The best techniques I’ve learned for helping me stay out of my own way are: 1) keep track of my tools, and make sure that while I work, they always return to a specific spot/position; 2) don’t work with anything sharp when I’m having one of those “extra clumsy” days. :)

  7. Janet says:

    I permanently injured my back swinging a potted plant across the living room floor. The vague non-thought going through my mind prior to this ridiculous manoeuvre was something to the effect that seeing as I wasn’t really lifting it, I didn’t have to worry about proper position.

    The pain I experienced far exceeded anything I have ever known. It took some heavy duty sedatives to bring the pain down to the level of a severe migraine, so that I could lie flat on my back on the Xray table without screaming.

    I continue to pay for that mistake every day of my life. That is definitely one of the things I would do differently if I had my life to live over.

  8. Heather says:

    Nothing major, thankfully. But I do find that using the “right tool for the right job” is extremely helpful for preventing injury and exhaustion and crankiness.

  9. susan says:

    My GOD what a clumsy bunch – me included. Amy’s post got me all worried about her safety and now I think gardeners as a group are too into what they’re doing to fuss with safety concerns.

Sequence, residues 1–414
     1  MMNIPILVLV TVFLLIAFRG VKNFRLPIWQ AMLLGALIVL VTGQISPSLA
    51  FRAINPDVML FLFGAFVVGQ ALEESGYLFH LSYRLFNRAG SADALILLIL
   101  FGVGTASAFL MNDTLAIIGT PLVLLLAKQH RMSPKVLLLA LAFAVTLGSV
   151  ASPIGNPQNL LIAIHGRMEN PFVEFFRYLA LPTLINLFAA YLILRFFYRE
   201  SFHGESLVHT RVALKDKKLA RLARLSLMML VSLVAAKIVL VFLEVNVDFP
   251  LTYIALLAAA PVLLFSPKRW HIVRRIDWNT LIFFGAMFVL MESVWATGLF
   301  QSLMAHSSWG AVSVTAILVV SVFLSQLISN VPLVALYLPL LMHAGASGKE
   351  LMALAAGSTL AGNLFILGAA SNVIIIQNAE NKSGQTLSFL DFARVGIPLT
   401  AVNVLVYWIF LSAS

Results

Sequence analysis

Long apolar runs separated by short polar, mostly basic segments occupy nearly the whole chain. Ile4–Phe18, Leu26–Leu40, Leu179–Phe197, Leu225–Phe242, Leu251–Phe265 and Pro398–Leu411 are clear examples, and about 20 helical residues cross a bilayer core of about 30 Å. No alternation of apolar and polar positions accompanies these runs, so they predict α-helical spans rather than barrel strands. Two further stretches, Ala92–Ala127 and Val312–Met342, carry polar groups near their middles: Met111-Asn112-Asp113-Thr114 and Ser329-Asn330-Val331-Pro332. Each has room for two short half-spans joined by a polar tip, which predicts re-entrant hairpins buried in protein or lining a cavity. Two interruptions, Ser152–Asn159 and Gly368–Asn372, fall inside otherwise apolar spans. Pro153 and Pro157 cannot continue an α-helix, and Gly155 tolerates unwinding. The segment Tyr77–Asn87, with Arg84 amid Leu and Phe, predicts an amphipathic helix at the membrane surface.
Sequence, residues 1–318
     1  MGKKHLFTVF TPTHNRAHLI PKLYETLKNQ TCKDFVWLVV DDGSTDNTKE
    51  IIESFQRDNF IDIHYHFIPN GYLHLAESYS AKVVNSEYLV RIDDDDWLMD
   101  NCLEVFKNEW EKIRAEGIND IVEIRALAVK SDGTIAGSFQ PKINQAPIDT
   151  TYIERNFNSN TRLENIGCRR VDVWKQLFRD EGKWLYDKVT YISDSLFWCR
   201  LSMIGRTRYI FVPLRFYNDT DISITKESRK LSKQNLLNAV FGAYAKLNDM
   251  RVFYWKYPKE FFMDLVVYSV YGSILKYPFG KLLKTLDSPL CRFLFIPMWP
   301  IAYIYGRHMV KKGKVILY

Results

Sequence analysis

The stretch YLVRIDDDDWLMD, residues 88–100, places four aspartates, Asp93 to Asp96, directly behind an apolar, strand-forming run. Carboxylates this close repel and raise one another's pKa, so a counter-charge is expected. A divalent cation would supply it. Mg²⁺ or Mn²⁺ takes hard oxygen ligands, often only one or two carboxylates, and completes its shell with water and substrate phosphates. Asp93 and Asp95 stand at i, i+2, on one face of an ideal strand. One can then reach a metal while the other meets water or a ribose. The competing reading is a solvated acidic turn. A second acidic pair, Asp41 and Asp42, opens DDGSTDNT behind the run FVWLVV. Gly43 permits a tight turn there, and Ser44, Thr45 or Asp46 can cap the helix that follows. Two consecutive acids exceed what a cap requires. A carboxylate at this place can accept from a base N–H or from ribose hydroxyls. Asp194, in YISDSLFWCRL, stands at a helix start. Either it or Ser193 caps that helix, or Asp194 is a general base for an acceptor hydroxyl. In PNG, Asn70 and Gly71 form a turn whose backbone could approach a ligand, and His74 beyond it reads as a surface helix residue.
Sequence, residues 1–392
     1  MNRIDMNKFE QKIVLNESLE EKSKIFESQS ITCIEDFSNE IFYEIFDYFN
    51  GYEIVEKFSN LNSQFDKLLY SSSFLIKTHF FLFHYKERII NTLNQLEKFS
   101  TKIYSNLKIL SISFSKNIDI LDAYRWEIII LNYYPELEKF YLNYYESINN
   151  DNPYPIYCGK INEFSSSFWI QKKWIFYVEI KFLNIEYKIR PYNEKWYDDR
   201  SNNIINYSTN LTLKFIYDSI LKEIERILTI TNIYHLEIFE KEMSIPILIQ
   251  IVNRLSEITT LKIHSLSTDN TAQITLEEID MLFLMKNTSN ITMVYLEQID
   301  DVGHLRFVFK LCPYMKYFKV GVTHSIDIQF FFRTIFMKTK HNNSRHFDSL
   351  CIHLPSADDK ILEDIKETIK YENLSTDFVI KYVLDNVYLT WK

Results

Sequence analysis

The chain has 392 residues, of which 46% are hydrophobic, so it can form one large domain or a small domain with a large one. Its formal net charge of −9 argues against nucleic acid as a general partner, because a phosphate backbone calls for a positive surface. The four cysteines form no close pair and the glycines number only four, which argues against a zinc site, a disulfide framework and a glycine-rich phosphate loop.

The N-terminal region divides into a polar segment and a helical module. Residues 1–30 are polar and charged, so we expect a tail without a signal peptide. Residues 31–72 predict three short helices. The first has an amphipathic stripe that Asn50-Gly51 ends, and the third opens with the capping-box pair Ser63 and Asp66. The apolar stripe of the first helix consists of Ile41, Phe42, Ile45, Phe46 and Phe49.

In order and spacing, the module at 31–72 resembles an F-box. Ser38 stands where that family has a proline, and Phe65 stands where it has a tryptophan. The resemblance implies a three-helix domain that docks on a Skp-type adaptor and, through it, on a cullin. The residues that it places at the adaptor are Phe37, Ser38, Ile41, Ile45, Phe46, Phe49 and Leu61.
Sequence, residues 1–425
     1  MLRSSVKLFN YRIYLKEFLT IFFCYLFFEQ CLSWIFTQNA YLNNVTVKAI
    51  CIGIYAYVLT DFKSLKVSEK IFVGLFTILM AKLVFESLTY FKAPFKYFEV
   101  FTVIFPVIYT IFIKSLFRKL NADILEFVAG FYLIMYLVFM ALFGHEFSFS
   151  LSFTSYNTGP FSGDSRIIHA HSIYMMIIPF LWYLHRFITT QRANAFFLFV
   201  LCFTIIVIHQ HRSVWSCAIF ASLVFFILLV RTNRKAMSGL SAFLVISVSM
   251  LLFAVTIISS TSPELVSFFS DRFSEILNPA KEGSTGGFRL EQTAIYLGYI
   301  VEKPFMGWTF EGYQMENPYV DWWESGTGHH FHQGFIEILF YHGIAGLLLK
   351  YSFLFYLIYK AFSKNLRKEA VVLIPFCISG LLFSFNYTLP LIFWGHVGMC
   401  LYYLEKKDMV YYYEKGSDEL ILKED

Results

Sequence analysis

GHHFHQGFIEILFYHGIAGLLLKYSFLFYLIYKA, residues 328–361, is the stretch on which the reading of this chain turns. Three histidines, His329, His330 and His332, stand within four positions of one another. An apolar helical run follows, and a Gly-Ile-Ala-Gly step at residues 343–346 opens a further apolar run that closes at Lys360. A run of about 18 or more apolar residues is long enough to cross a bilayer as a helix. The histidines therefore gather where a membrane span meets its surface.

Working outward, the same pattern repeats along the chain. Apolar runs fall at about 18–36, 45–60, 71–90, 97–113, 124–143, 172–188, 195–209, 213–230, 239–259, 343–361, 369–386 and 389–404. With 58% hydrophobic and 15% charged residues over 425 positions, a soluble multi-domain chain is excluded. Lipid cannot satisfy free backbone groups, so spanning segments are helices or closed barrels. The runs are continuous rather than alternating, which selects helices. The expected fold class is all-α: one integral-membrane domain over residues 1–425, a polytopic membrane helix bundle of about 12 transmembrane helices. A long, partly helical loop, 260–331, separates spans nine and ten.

That said, Pilates is a great help for strengthening the larger muscles and then learning to use them when lifting. But I want to know more about taiji (huh?) and that squatting move firefly uses. How about a nifty photo to illustrate? S

  10. Cynthia says:

    Does picking up snakes, accidentally, as you are weeding count?…thus the “accidentally” part.

  11. Kathy says:

    This is good for me to read as I just pulled my lower back muscle on the right–again–weeding for only about half an hour. Weight training and stretching on alternate days, followed religiously, keeps me going, but this week I wasn’t very religious. Also, I can no longer work for long periods without switching tasks and using different muscles. It is a sure invitation to an injury if I try, but I am the type of person who wants to work on one thing until it’s done, so I still have more sprains and strains than necessary.

  12. Carol says: